Crystal Tremblay and Sarah Amyot

Brazil), while promoting environmental sustainability and inclusive public policies on integrated waste management. The project recognizes the immense potential in the work of recyclers to improve environmental health, assist in the recovery of resources and, through capacity building and participatory processes, to empower recyclers to contribute to public policy, environmental and social change. Project partners recognized that, when working individually, recyclers were forced to sell their product through middlemen who buy at very low prices and then resell to

in Knowledge, democracy and action
Felix M. Bivens

structured along four axes: • health, nutrition and quality of life; • technology, production and environment; • cultural processes of learning and human rights; • social strategies, public policies and power relations. Academically, the Human Development group works with a variety of students from undergraduate, postgraduate and professional programmes. Mexican law mandates that all university students engage in ‘social service’. This translates into six-month to one-year placements where students are expected to use their academic knowledge and professional skills

in Knowledge, democracy and action
Open Access (free)
Conceptual links to institutional machineries
Kathleen Staudt

movements towards mainstreaming. Considerable accomplishments have occurred in expanding public policy agendas and establishing connections to mainstream policy. Although the bodies of knowledge about women and gender have grown and become differentiated, there is a remarkable convergence of thought that builds an action momentum. Yet neither gender strategies nor visions have transformed institutional missions. Ultimately, institutional missions must change, for those missions set the stage for the institutional incentives and penalties that structure the opportunities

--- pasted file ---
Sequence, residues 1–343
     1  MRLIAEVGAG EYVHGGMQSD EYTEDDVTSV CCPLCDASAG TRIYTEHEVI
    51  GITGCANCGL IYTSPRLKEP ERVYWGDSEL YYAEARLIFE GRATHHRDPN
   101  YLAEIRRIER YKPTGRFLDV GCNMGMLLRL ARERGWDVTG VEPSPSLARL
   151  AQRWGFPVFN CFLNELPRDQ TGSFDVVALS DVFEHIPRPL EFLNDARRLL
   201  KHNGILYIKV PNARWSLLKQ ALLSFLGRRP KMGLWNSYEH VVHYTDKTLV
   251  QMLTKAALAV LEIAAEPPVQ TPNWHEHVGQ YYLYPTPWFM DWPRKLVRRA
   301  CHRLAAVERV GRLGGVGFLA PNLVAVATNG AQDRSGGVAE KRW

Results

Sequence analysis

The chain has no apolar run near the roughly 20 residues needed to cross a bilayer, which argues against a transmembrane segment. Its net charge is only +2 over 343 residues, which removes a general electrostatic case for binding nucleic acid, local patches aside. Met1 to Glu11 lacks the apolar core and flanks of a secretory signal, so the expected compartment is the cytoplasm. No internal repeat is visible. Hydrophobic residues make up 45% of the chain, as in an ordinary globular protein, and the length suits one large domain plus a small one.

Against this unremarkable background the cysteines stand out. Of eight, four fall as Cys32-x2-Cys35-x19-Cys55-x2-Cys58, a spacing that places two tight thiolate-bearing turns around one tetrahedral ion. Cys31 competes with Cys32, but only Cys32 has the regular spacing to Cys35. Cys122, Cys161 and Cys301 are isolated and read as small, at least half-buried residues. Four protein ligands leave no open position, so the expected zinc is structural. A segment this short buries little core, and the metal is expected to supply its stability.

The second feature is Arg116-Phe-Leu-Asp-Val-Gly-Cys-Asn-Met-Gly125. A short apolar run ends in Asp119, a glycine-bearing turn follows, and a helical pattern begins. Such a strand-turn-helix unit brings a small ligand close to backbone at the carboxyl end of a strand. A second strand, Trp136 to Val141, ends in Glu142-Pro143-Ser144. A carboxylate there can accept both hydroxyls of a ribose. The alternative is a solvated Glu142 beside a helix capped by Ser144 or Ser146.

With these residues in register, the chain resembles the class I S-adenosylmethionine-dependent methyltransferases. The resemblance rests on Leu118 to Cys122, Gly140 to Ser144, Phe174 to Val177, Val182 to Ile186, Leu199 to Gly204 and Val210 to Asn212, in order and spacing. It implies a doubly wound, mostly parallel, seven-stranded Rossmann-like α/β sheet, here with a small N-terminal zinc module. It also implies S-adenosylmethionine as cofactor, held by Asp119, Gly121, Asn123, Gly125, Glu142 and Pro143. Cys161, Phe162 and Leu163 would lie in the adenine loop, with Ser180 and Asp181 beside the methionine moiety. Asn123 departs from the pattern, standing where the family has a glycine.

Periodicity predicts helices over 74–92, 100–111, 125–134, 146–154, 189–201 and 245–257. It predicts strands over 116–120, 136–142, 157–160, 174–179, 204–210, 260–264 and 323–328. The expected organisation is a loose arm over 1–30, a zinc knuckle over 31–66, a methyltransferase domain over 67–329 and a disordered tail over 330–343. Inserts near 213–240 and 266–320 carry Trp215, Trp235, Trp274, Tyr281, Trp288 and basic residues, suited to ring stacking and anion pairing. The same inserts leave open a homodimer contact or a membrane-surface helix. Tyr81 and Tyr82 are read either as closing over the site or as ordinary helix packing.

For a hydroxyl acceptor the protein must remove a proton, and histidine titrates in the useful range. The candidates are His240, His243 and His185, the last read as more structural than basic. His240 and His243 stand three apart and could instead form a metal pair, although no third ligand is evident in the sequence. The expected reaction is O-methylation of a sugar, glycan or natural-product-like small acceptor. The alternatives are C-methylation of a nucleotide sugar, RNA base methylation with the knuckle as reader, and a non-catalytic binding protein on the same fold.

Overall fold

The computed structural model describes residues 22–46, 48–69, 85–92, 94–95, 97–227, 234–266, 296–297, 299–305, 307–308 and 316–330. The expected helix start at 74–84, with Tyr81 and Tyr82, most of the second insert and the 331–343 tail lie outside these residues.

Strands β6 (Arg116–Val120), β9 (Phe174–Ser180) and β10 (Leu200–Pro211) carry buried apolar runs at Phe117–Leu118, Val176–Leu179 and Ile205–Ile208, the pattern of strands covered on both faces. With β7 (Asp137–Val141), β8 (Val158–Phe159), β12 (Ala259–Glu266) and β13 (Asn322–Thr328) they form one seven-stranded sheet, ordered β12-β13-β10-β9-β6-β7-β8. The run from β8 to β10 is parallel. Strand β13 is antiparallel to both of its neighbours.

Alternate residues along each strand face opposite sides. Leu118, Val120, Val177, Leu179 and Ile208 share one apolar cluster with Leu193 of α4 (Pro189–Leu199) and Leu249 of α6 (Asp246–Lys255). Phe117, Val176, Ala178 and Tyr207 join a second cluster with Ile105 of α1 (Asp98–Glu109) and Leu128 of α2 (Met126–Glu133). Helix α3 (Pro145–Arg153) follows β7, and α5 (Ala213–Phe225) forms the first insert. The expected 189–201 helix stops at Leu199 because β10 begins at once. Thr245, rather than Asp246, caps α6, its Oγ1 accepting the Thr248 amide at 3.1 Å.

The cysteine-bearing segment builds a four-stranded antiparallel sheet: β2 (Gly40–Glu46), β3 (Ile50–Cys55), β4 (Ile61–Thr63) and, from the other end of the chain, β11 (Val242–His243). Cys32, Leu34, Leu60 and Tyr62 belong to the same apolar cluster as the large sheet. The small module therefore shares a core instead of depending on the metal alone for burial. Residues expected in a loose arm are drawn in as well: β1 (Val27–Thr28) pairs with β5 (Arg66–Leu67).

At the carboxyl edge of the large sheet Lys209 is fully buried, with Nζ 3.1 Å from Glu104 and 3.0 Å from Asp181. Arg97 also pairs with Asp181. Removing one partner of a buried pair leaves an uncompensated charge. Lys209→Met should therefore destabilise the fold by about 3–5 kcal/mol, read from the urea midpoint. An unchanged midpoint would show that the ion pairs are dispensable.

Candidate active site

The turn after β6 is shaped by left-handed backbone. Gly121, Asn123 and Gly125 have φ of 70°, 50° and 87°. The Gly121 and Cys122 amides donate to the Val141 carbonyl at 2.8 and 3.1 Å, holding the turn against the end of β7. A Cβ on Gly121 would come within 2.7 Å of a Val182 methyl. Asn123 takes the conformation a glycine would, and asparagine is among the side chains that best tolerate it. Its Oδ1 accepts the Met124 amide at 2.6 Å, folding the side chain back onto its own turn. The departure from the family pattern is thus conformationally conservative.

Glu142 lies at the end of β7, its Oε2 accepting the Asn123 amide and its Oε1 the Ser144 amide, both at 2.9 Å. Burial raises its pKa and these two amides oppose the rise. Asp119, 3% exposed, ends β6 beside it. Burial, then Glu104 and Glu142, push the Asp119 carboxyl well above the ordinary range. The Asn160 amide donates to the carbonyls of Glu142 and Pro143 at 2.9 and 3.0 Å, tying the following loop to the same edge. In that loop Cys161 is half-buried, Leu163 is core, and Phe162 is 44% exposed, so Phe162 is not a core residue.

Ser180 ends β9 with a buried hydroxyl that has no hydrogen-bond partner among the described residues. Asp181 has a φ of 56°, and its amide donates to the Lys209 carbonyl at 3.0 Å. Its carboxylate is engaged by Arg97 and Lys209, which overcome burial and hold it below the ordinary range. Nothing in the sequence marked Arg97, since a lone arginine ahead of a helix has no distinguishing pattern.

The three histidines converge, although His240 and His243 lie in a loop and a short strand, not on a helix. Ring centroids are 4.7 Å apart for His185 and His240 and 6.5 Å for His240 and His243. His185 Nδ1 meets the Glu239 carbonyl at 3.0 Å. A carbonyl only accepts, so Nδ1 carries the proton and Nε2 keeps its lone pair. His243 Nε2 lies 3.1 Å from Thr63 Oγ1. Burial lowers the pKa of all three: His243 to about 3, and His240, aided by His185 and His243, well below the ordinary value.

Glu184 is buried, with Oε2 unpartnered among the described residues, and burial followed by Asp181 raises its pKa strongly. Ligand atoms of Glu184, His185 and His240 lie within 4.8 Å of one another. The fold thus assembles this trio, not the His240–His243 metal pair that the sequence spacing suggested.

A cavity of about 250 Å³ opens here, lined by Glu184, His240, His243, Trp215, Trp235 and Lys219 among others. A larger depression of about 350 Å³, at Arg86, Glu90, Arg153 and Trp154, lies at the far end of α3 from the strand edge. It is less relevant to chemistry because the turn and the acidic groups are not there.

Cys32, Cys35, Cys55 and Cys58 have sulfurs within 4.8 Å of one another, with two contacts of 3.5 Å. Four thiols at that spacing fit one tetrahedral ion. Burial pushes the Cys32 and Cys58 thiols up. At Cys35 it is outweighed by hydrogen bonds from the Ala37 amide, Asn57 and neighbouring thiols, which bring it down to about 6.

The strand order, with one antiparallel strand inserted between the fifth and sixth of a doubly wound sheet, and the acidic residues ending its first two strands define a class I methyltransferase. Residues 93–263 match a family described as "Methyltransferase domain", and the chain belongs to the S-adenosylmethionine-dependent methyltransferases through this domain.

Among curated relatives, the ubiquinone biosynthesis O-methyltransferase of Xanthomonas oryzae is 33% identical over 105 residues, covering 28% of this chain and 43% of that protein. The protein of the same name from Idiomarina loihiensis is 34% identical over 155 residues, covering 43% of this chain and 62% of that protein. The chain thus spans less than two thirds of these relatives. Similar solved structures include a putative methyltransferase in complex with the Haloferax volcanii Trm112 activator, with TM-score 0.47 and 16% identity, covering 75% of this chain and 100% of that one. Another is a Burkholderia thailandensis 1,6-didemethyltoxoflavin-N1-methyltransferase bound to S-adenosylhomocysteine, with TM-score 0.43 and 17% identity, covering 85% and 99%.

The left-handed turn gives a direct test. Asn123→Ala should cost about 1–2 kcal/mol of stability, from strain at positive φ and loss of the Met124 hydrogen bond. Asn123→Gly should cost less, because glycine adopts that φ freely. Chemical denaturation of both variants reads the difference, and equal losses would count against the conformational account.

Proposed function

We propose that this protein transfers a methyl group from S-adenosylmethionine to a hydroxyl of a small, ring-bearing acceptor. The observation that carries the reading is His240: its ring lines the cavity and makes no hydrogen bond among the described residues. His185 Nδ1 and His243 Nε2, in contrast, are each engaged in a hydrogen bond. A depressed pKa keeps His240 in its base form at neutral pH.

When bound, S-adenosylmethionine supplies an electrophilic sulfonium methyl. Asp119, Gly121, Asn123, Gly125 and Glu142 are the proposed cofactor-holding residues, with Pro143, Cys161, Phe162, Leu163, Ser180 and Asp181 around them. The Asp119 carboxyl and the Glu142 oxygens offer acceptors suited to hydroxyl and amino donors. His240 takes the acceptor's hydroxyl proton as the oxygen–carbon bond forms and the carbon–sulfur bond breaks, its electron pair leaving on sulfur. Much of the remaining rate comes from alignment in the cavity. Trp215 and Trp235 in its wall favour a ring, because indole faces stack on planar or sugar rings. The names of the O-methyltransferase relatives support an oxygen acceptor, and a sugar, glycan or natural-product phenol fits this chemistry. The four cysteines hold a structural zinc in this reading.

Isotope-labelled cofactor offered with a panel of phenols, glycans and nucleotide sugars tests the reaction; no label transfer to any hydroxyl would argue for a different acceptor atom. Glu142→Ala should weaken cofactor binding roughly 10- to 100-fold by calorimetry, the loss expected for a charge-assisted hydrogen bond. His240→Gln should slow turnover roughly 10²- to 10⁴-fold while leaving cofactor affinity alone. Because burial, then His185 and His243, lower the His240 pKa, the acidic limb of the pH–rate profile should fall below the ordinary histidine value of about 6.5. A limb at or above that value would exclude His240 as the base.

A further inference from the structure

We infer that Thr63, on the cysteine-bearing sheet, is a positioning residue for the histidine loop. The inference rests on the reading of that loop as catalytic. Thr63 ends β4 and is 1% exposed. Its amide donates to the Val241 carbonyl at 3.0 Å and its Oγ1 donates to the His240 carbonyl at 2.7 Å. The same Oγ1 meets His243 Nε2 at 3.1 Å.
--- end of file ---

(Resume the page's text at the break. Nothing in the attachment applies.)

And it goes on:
in Mainstreaming gender, democratizing the state?
Mainstreaming gender, democratizing the state?
Shirin M. Rai

that gender mainstreaming agendas are implemented and issues of gender equality remain in focus in public policy. Gender mainstreaming and national machineries have found added salience in international public policy through UN-led and national governments’ endorsed agreements on these issues, such as the Beijing Platform for Action (1995) and Economic and Social Council (ECOSOC) Agreed Conclusions1 (see also Staudt, chapter 2, this volume). Certain themes emerge in the analysis that follows. First, are national machineries as state institutions the most appropriate

in Mainstreaming gender, democratizing the state?
David Barling

box-compliant is still open to interpretation – for example, organic farming supports (Barling 2003). The subsequent institutional reforms at EU and UK levels are located within these broader strategic policy calculations and directions. New institutionalist approaches to analysing policy response and food quality The new institutionalist schools of analysis place an emphasis on the influence of institutions, their operating procedures and practices as shaping factors of public policy. Policy network formations and the pressures applied by external interests are not

in Qualities of food